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Research Questions

  1. How do the U.S. and Chinese national strategies for AI compare?
  2. What key differences in cultural and structural factors affect the implementation of U.S. and Chinese AI strategies?
  3. How do these differences affect military capability development relevant to USAF?
  4. How can the USAF establish a competitive advantage in militarily relevant AI capabilities?

Artificial intelligence (AI) technologies hold the potential to become critical force multipliers in future armed conflicts. The People's Republic of China has identified AI as key to its goal of enhancing its national competitiveness and protecting its national security. If its current AI plan is successful, China will achieve a substantial military advantage over the United States and its allies. That has significant negative strategic implications for the United States. How much of a lead does the United States have, and what do the United States and the U.S. Air Force (USAF) need to do to maintain that lead? To address this question, the authors conducted a comparative analysis of U.S. and Chinese AI strategies, cultural and structural factors, and military capability development, examining the relevant literature in both English and Chinese. They looked at literature on trends and breakthroughs, business concerns, comparative cultural analysis, and military science and operational concepts. The authors found that the critical dimensions for the U.S. Department of Defense (DoD) involve development and engineering for transitioning AI to the military; advances in validation, verification, testing, and evaluation; and operational concepts for AI. Significantly, each of these dimensions is under direct DoD control.

Key Findings

  • It is difficult, perhaps impossible, to arrive at a definitive statement about which country has the lead in AI. It is more useful to talk about various parts of the AI ecosystem. It appears possible that the United States has a narrow lead in several key areas of AI, although China has several advantages and a high degree of leadership focus on this issue.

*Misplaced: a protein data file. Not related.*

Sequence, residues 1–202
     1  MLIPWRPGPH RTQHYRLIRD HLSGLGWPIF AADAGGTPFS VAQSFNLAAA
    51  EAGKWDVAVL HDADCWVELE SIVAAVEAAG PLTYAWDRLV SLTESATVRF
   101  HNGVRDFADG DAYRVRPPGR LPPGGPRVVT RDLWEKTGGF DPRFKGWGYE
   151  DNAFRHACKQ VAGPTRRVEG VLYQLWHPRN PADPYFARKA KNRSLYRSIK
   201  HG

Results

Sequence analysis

• As of early 2020, the United States has a modest lead in AI technology development because of its substantial advantage in the advanced semiconductor sector. China is attempting to erode this edge through massive government investment. The lack of a substantial U.S. industrial policy also works to Chinese advantage.
  • China has an advantage over the United States in the area of big data sets that are essential to the development of AI applications. This is partly because data collection by the Chinese government and large Chinese tech companies is not constrained by privacy laws and protections. However, the Chinese advantage in data volume is probably insufficient to overcome the U.S. edge in semiconductors.
  • Breakthrough fundamental research is not a critical dimension for comparing U.S.-China relative competitive standing from a DoD perspective. Fundamental research, regardless of whether it is U.S., Chinese, or a U.S.-Chinese collaboration, is available to all.
  • Commercial industry is also not a critical dimension for competitive comparison. Industries with corporate headquarters in the United States and in China seek to provide products and services wherever the market is.

Recommendations

  • Manage expectations by developing and maintaining a forward-looking AI roadmap, highlighting realistic goals for DoD AI employment for near (one to two years), middle (three to five years) and far (six to ten years) terms.
  • Create an engineering pipeline under DoD control.
  • Create and tailor verification, validation, and evaluation techniques for AI technologies.
  • Create development, test, and evaluation processes for new operational concepts that employ AI.

Table of Contents

  • Chapter One

    Introduction

  • Chapter Two

    Comparing U.S.-China Artificial Intelligence Ecosystems

  • Chapter Three

    Recommendations

  • Chapter Four

    Conclusions and Future Research

Research conducted by

This research was sponsored by the U.S. Air Force and conducted within the Force Modernization and Employment Program of RAND Project AIR FORCE.

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